Family Legal Agreements in Alberta and Northwest Territories can fall under three general categories:
- Separation Agreements,
- Marriage Contracts (also known as a Prenuptial / Postnuptial Agreement), and
- Cohabitation Agreements.
Below is a brief summary of each category of family legal agreements. To better determine what type of agreement better suits your needs please call Alhstrom Wright’s office for a free 30-minute consultation over the phone or in person with a member from our Family Law team.
Separation Agreements in Alberta and Northwest Territories
A separation agreement is commonly used when married couples are ‘separated’ or ‘separating’. However, a separation agreement can also be utilized by common-law spouses, especially under the circumstances of a long-term relationship.
Separation agreements are useful to set out spousal or child support amounts, if any, is payable. This is particularly important because the Income Tax Act provides that payments for support are deductible if the parties are living separate and apart pursuant to a written separation agreement.
Separation Agreements are also useful to set out child custody and access (in a marital situation) or parenting time (in a common-law or other form of relationship where a child is involved). A Separation Agreement can outline in detail the parties scheduled time to spend with the child(ren), drop-off locations and times or can be as general as the parties agree to free and generous access. It is not uncommon for the Separation Agreement to also deal with religious upbringing, educational expenses, passports and traveling restrictions as it pertains to any children.
Separation Agreements also deal with property owned jointly or individually before separation, during the relationship and after separation. Both parties will need to agree on how to deal with such property and any value associated to it. Property can include, but is not limited to, a home, vehicles, household contents, pension/RRSP, investments, insurance, Canada Pension Plan credits, shares or interests in a company, and debts (collectively or individually).
Lastly, Separation Agreements can be entered into to deal with only spousal and child support on an interim basis, while the parties negotiate all the other issues that must be dealt with due to their marriage or common-law relationship (e.g. division of property). This type of agreement stays in effect until either party terminates it, or a different settlement agreement is reached by the parties that fully deals with both parties’ respective rights and liabilities to each other, including child and spousal support.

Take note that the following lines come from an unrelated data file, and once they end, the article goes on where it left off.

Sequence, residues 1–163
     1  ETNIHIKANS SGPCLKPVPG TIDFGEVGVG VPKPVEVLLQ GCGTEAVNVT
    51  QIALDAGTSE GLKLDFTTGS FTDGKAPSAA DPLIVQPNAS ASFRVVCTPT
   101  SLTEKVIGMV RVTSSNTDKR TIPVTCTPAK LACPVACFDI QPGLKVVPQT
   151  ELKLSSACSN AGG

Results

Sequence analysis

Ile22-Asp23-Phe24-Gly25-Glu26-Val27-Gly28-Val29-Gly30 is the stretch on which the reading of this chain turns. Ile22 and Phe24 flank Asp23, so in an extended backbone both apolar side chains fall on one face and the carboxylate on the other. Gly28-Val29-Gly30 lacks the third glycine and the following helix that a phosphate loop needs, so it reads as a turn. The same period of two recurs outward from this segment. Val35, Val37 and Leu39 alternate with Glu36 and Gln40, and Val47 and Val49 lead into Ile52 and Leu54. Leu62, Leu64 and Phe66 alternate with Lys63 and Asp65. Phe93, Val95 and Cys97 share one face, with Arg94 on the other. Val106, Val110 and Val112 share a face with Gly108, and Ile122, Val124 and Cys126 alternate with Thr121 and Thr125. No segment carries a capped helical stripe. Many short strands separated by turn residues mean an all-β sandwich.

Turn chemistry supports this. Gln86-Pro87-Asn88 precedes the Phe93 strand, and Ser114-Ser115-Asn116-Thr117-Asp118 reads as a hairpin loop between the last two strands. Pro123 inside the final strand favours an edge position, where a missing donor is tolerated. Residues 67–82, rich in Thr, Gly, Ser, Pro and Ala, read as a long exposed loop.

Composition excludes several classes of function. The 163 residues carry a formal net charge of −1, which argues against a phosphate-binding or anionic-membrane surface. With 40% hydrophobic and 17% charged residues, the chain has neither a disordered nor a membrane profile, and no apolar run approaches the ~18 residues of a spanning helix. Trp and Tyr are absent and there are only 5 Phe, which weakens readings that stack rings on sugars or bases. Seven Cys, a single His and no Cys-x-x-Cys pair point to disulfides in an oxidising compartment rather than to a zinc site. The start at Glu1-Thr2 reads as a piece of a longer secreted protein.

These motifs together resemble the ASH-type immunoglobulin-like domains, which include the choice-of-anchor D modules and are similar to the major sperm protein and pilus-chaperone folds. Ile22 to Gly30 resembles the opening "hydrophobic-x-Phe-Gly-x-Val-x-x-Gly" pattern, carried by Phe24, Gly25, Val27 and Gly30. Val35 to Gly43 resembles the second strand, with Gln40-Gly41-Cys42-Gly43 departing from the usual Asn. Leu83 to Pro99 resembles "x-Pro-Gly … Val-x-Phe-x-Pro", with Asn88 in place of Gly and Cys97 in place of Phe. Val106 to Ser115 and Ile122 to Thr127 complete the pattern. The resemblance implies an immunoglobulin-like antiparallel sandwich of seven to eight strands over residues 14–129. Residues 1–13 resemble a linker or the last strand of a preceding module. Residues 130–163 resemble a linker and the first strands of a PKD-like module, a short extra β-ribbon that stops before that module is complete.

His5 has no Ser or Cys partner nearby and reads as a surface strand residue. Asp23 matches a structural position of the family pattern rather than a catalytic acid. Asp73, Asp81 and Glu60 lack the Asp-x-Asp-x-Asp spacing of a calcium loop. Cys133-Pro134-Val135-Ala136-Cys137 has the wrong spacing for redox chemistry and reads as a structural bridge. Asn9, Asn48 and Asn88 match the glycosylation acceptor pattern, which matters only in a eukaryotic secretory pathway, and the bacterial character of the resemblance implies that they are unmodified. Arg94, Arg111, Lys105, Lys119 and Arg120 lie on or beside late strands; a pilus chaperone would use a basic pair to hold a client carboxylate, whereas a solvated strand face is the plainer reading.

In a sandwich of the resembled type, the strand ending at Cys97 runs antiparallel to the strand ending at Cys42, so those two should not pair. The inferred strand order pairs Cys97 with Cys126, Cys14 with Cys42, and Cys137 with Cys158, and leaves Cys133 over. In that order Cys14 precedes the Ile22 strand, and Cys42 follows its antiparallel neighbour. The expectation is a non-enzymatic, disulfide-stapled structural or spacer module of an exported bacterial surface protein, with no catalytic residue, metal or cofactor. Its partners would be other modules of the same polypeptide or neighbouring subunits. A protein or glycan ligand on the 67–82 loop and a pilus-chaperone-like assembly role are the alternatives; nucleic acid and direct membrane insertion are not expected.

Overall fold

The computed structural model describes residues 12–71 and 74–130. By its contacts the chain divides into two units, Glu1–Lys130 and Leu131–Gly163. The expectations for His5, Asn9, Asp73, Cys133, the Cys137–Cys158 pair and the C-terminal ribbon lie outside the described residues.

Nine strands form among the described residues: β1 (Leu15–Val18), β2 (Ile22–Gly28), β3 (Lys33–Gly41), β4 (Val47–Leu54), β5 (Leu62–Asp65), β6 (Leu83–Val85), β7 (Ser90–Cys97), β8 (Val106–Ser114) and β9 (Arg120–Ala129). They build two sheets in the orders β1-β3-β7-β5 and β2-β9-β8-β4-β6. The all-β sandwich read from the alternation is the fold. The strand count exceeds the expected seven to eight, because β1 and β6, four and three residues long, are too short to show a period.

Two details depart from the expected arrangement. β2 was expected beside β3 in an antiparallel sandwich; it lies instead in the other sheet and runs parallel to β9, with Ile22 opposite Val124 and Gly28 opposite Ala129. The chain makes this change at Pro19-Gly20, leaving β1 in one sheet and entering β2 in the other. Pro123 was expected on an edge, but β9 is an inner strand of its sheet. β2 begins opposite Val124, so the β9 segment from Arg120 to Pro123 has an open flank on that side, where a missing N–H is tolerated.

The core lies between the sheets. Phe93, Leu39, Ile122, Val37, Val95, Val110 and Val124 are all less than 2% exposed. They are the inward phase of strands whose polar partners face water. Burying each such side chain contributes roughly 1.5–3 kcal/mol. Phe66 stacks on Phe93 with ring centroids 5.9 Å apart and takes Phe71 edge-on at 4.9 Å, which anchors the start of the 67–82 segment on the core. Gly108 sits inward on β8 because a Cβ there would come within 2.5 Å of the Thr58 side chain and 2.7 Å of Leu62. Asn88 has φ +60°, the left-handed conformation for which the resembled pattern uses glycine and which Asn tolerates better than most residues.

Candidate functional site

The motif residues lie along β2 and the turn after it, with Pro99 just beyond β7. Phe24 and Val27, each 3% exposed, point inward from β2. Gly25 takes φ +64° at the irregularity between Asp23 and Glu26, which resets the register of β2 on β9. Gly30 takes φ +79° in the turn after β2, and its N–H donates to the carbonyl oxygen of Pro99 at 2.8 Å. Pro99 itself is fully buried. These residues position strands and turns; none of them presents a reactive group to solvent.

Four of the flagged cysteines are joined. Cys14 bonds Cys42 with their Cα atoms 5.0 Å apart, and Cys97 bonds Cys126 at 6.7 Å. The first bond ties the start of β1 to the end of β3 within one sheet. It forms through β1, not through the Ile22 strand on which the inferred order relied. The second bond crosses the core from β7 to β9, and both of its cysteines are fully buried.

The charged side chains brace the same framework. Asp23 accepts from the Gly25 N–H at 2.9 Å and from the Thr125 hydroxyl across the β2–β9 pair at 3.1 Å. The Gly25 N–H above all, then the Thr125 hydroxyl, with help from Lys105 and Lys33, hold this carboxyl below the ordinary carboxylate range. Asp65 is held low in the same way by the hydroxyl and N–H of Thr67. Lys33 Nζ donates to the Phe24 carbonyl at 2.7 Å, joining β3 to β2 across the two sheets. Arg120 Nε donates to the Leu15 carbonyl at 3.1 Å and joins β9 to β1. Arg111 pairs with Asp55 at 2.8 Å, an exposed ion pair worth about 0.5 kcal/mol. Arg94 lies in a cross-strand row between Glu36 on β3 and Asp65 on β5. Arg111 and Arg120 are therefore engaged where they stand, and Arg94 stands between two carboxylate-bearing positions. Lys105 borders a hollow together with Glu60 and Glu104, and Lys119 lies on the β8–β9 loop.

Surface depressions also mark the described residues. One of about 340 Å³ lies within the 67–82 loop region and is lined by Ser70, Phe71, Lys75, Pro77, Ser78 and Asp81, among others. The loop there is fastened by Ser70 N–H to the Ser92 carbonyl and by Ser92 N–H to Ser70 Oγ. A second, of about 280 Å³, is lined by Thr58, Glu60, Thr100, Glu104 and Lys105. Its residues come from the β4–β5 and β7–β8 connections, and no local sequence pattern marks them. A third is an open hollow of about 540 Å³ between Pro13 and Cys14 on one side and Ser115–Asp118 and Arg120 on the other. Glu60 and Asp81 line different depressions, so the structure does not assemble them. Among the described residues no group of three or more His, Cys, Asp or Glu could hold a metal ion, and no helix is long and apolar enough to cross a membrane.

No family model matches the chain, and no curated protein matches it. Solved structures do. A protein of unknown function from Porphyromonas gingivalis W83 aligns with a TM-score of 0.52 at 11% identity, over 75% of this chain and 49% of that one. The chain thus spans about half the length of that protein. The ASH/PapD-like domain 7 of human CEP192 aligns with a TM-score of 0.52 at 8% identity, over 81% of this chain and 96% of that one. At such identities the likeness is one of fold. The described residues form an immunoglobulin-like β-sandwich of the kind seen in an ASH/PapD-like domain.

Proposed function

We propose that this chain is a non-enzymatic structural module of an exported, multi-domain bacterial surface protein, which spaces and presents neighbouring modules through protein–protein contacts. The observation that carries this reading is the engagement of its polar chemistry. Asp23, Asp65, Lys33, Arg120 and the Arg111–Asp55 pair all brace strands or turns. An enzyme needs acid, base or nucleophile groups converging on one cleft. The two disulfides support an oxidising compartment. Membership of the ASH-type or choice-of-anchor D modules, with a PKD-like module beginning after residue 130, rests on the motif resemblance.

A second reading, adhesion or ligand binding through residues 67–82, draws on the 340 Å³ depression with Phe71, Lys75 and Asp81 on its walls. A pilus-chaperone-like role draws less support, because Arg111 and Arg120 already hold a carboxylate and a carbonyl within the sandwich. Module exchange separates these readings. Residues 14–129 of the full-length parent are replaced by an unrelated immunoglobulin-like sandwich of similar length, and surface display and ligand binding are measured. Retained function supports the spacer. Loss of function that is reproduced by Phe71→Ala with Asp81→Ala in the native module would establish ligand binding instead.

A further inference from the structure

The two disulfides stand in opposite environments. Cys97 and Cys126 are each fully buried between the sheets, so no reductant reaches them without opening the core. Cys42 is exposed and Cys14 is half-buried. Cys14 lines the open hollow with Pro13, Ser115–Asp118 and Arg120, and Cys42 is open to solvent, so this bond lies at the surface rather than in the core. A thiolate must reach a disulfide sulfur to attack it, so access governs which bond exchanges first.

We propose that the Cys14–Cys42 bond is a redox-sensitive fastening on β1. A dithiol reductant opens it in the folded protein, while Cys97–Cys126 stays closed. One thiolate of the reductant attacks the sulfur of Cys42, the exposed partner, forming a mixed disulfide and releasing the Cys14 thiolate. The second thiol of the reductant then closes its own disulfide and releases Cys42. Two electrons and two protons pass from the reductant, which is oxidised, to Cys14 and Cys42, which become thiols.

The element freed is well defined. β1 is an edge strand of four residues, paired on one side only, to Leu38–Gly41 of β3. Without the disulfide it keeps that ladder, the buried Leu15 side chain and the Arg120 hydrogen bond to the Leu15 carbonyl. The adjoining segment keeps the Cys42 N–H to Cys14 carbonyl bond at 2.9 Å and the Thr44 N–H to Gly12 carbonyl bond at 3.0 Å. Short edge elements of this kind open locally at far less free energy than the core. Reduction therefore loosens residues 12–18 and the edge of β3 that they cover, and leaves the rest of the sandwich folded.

Separation Agreements are complex and we suggest you seek independent legal advice to ensure an agreement meets your needs. If you are unhappy with your current Separation Agreement, please feel free to contact Ahlstrom Wright for a free 30-minute consultation to discuss your options.
Are you and your partner unsure if you need an agreement?
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What is a Marriage Contract? (Also Known as a Pre- or Post-Nuptial Agreement)
Marriage Contracts, Prenuptial Agreements, or Postnuptial Agreements are entered into prior to the marriage or after the marriage. These types of agreements, in general, set out what the couple has decided ahead of time what would happen if there was a breakdown in the marriage in the future. Similar to a Separation Agreement, it includes, but is not limited to, what the couple has agreed upon with regards to spousal and child support, if any; and division of matrimonial property (e.g. a home, vehicles, pension/RRSP, debt, etc.).
The common reasons couples enter into a Marriage Contracts are to “protect” assets either person owned prior to or during marriage from any sharing. Often these types of agreements are also entered into as part of the couple’s estate planning, in the event one spouse pre-deceases the other. This usually requires the couple to have valid Wills in place with certain provisions that will not be changed.
If you would like more in depth information about Marriage and Prenuptial Agreements, read Ahlstrom Wright’s other post here.
Cohabitation Agreements & Why You Should Get One
A Cohabitation Agreement is used when a couple is not married and are living together or plan to live together in the near future. It establishes the rights of each person and their obligation to each other in the event there is a breakdown in the relationship.
Without a Cohabitation Agreement, the parties may unknowingly incur financial consequences from living together. It is wrong for couples that live together to believe (as they often do) that no property rights arise from living together or that they (the couple) have the same rights as a married couple. The rights each person in a cohabitation situation has is one that falls under the law of trust, which is complex and can create a generous result to the person claiming it.
Persons who live together can also be entitled to support, depending on the circumstances. Similar to a Marriage Contract, a Cohabitation Agreement can ‘protect’ assets either person owns prior to or during marriage to sharing; as well as determine ahead of time what would happen if there was a breakdown in the relationship in the future or if the Cohabitation Agreement would apply to a marriage, if the couple marries in the future.
If you are considering to cohabitate or you are already in a cohabitation arrangement, please contact Ahlstrom Wright to speak to a family lawyer for more information.